Even Stremler – a wife, mother, professor and sleep proponent – occasionally doesn’t get the seven to nine hours of sleep a night she knows she needs. “Last night, I went grocery shopping after putting my kids to bed so I only got six hours of sleep,” she admits. “Getting enough sleep is tough.”
Why don’t you just go home?
When you see exhausted parents attempting to sleep in their child’s hospital room, you may want to encourage them to head home for a good night’s sleep. But in the first formal research study to examine the sleep of parents of hospitalized children, Associate Professor Robyn Stremler found that parents sleep better when they’re close to their child. “The parents who slept at home or in a hotel woke more times per night than those who slept in a hospital lounge or waiting room,” she concluded.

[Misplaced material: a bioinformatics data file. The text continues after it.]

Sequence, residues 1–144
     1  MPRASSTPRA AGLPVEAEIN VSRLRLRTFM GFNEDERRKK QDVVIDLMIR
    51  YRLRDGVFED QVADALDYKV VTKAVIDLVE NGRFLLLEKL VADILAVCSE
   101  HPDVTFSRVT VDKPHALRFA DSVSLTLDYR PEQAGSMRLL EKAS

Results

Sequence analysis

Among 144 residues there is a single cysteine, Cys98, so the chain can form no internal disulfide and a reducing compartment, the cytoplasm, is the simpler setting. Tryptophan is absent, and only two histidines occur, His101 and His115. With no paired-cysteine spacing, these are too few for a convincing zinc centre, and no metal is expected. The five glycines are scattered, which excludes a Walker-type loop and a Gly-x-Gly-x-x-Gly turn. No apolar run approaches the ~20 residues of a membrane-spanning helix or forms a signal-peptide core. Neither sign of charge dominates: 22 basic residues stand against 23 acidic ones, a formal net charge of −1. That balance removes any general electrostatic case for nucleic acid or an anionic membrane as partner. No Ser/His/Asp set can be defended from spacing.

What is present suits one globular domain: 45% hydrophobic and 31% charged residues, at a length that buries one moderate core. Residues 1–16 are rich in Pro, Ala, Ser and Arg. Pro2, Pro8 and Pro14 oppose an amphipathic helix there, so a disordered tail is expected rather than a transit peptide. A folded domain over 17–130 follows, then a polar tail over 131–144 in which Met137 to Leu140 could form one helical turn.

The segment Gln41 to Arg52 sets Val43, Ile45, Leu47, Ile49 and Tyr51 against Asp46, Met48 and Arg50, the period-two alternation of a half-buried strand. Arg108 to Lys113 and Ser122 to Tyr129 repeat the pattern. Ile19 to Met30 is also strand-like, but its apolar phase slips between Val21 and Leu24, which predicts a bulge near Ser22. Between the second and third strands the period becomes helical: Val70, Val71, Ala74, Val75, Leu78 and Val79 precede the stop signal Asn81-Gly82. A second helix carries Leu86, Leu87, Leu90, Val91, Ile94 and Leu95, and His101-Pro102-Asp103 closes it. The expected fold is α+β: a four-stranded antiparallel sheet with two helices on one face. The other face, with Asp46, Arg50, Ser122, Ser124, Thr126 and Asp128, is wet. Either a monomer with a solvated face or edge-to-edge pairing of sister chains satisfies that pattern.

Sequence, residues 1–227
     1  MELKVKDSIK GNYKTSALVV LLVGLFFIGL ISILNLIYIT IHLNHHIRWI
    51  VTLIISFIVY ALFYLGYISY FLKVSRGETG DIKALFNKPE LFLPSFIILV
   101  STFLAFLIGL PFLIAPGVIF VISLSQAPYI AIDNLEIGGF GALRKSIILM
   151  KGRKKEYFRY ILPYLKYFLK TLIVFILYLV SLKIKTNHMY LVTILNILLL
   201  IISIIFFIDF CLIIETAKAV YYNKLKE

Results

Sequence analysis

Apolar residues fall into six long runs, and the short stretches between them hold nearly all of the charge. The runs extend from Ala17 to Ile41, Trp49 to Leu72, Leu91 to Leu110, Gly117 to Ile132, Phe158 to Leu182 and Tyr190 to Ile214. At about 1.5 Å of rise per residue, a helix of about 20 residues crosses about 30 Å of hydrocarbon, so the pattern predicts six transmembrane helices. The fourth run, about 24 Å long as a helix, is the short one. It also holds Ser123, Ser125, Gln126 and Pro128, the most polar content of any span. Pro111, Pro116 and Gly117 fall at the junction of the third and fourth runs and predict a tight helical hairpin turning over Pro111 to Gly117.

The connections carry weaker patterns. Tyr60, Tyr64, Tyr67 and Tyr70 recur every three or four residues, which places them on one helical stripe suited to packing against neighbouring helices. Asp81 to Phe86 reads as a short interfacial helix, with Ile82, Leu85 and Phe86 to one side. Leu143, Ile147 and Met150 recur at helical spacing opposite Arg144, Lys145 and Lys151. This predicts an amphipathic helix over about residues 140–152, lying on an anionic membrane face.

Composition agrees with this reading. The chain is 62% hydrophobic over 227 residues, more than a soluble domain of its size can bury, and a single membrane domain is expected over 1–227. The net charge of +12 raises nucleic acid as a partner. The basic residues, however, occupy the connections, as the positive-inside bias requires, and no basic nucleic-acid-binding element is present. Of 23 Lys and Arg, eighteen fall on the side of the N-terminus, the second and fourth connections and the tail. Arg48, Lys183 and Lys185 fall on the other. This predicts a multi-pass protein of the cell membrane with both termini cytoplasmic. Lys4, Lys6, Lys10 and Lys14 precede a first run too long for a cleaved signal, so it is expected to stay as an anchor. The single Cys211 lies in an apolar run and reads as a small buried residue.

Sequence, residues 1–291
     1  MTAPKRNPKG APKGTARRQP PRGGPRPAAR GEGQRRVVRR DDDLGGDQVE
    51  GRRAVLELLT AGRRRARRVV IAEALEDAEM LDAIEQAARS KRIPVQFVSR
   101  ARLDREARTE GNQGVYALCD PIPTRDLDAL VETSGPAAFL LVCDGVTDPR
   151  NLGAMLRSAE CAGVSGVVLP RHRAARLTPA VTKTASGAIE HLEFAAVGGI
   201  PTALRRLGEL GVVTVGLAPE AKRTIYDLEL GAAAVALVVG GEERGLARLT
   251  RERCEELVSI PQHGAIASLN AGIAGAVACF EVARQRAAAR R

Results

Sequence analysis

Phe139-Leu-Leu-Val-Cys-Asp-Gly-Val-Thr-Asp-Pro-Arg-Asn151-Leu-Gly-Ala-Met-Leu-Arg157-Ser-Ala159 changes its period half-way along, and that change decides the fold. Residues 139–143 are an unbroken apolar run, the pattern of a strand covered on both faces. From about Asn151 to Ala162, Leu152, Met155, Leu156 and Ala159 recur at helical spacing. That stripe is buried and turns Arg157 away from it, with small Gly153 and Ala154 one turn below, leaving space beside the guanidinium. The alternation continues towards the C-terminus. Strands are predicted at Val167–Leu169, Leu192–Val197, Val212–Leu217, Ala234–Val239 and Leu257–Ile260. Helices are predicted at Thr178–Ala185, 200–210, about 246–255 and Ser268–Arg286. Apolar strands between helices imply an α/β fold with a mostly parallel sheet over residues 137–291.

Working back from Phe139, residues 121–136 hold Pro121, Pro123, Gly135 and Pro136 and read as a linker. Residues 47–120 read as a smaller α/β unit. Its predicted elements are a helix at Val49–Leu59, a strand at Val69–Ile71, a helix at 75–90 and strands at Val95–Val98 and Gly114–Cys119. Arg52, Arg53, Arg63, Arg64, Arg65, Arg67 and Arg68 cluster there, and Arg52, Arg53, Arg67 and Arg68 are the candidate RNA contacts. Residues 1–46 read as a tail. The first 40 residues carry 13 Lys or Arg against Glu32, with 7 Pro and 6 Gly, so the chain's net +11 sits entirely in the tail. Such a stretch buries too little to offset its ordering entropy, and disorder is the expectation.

Stremler believes parental sleep in hospitals needs more attention. “These parents are expected to understand and retain complex information about their child’s diagnosis, prognosis and progress. Sleep is important for their ability to cope with the illness, support their child, participate in decision-making and maintain relationships.”
Children’s sleep in hospitals is also of concern. For her doctoral dissertation, one of Stremler’s students, Efrosini Papaconstantinou, developed an innovative program to improve the sleep of paediatric patients during hospitalization and once discharged home. Papaconstantinou’s “Relax to Sleep” intervention included a discussion and booklet on sleep, and a relaxation breathing exercise for the child.
Compared to the control group, the children who had the intervention averaged 50 more minutes of night-time sleep while in the hospital. And after being discharged, they had less sleep disturbance. “The hospital environment is not conducive to sleep, and yet sleep is vitally important for recovery,” says Papaconstantinou, PhD 2014.
This story originally appeared in the Spring/Summer 2015 issue of Pulse magazine.